Saturday, January 9, 2010

Here's the Mail

With the road plowed, the mail came today!  I don't at all mind being snowed in for awhile, but for some reason, the thought of no mail for several days at a stretch makes me feel lonely.  I was so happy to see our mailman's truck pull into the end of the drive, retrieve our outgoing letters, and fill our box with several days' worth of mail before making his "U" turn and heading back to town.  (We're the last place on his route.)

So...did we get anything wonderful?  Yes!  Among the bills and junk mail, we got the local town's paper, which usually comes on Thursdays.  We received the Nebraska Dairy Goat Association newsletter, which is always a very fun read.  And...we got a package I ordered.  There were a few fun things for our daughter's upcoming birthday, and there was a little treat for me:  Sara Evans Greatest Hits  So many songs that I enjoy!  I listened to it the rest of the afternoon and made the kids dance with me.  Even though I didn't spend too much time outside today (it was -17F when we did morning chores!), I still got in my 10,000+ steps, so thank you very much, Sara!

For dinner this evening, I helped the kids make individual pizzas.  We forgot to prick the dough before baking it, though, and we ended up making the most perfect pocket breat ever!  It turned out much nicer than my usual pita bread recipe.  If only I followed a recipe for making pizza dough, I'd know what to do the next time I want pita bread.

Friday, January 8, 2010

Enough snow already!

The plow made it through today, so we can go somewhere tomorrow if we'd like.  I don't think we'll actually go anywhere until Sunday Mass, but it's nice to know the option is there!

Just how much snow do we have around here?'s the goat pen:

You can see where the goats walked right out of the pen.  I don't blame them!  Their little goat hut is completely buried.

Behind this drift is the pen where the Jacob rams used to stay:

The rams have a new pen.  The goats could have a new pen, too, but they're very particular about which pens they'll actually stay in.  The little Pygmy goat, Mary, is extremely clever about opening latches.  The two Saanens, Diamond and Ruby, are much better about staying where they're supposed to stay.  They will, however, follow their friend Mary right out a gate because -- after all -- it's not their fault if it was opened for them, right?  They currently have decided to hang out by the hay bale next to the new ram pen and share water with the Jersey heifer we're milking.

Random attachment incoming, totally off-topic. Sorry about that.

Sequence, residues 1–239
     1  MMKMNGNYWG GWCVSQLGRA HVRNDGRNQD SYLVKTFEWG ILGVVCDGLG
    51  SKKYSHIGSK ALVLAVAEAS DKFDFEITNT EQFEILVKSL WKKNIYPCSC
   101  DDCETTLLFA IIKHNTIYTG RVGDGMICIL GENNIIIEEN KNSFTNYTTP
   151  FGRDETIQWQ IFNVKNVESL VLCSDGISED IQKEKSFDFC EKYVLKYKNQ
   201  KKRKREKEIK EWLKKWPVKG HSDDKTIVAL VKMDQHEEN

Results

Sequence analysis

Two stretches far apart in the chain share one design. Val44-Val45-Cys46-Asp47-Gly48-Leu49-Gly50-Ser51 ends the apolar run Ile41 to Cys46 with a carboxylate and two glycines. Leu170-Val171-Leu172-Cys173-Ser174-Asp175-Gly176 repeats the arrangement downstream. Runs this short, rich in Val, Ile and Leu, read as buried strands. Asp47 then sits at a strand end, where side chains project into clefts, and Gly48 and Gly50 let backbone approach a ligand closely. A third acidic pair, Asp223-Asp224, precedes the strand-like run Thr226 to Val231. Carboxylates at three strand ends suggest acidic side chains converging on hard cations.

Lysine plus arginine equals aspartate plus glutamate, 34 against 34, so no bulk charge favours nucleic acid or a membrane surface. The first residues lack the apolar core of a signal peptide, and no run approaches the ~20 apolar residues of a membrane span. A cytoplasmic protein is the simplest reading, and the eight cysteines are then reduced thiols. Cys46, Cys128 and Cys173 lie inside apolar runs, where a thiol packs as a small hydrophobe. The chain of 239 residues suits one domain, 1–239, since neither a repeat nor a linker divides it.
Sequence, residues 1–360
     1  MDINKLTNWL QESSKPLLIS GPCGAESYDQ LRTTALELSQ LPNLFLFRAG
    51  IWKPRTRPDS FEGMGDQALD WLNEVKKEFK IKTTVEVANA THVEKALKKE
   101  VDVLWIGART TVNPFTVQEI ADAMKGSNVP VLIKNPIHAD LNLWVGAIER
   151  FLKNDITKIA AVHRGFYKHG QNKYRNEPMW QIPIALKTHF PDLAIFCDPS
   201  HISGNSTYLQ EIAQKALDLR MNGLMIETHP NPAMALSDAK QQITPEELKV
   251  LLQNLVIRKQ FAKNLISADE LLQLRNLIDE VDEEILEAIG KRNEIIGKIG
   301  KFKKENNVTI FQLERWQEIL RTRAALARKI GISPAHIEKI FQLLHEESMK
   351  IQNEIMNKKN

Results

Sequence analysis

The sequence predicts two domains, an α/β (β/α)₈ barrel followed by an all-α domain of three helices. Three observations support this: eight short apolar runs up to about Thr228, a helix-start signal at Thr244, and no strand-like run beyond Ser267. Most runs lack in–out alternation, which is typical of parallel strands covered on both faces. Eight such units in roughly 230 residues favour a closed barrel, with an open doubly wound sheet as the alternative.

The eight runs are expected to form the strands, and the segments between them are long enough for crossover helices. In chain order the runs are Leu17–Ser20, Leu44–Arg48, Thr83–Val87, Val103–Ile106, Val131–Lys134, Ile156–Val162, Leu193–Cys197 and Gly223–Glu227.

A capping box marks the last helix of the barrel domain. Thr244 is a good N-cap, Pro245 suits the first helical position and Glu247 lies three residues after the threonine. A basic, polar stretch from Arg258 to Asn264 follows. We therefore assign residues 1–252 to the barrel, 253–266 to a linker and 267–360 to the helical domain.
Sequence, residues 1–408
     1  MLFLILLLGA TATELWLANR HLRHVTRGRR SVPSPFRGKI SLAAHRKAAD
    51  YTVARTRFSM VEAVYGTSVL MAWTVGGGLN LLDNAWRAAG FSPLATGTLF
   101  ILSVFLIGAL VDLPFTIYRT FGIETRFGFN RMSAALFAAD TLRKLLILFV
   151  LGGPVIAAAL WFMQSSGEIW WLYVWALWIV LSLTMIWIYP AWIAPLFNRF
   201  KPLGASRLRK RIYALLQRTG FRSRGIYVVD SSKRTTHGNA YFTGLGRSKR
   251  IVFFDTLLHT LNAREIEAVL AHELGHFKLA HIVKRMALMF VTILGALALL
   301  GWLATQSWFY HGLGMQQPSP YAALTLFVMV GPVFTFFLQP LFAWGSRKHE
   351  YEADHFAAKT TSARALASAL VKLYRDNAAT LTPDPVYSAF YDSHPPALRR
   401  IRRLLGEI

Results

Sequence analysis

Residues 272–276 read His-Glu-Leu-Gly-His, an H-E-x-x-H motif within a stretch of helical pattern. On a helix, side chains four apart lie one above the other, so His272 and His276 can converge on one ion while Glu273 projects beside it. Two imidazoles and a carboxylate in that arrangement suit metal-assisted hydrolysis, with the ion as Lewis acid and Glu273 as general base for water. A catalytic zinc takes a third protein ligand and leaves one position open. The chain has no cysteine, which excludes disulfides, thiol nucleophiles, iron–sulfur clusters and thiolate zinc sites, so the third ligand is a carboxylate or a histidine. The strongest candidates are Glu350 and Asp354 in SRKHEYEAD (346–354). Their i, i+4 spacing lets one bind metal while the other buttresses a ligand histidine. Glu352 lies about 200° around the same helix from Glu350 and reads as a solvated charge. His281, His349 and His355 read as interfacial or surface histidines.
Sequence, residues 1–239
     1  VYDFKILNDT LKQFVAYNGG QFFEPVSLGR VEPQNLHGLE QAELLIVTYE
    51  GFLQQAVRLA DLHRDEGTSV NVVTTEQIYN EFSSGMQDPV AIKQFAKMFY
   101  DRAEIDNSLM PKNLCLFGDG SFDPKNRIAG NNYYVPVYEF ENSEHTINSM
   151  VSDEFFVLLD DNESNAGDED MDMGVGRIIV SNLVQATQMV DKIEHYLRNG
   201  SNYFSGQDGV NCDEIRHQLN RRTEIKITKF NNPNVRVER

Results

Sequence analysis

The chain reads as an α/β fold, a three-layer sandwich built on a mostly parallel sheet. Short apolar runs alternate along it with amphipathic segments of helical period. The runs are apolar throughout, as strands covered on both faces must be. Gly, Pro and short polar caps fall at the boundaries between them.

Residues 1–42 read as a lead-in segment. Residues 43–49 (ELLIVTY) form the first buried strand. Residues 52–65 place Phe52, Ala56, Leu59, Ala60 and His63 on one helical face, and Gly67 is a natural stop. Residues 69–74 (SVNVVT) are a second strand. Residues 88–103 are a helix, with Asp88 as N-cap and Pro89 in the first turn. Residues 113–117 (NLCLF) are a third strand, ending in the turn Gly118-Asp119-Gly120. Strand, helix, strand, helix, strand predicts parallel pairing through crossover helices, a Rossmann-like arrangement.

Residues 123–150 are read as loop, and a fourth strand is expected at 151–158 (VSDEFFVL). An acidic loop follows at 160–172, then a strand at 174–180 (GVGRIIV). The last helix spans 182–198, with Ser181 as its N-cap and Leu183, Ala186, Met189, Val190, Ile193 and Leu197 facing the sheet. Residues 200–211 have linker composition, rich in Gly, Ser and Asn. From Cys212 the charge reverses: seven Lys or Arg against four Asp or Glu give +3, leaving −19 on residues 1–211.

It's been a bit challenging to keep everyone warm and fed and watered with the cold temps and all this snow, but I'm so proud of my boys for doing an amazing job with their chores.  I'm thankful we have plenty of hay and feed and were able to get to everything when we needed it.  I'm also very happy my husband was snowed in with us instead of away at work.  He got to help milk the cow a little more often than he'd like, but he's the fastest milker on the place, and it sure was appreciated on these cold days!

I'm going to go make a cup of tea, grab a few of the gardening catalogs that have been stacking up, curl up in some blankets, and dream of spring.

Getting a Little Owly

Today, we took a break from our regularly scheduled science curriculum to get a little owly.

First, we read this great book about owls:

All About Owls by Jim Arnosky is a great introductory book about owls.  It gives clear, concise information about owls.  The illustrations are engaging and accurate.  It's written so that it appealed to all my kids -- ages 3 to 12 (and I enjoyed it, too).

After reading the book, we had a great discussion about owls we've seen and heard around our homestead and in the area before getting to the really good stuff!  The three oldest boys dissected owl pellets.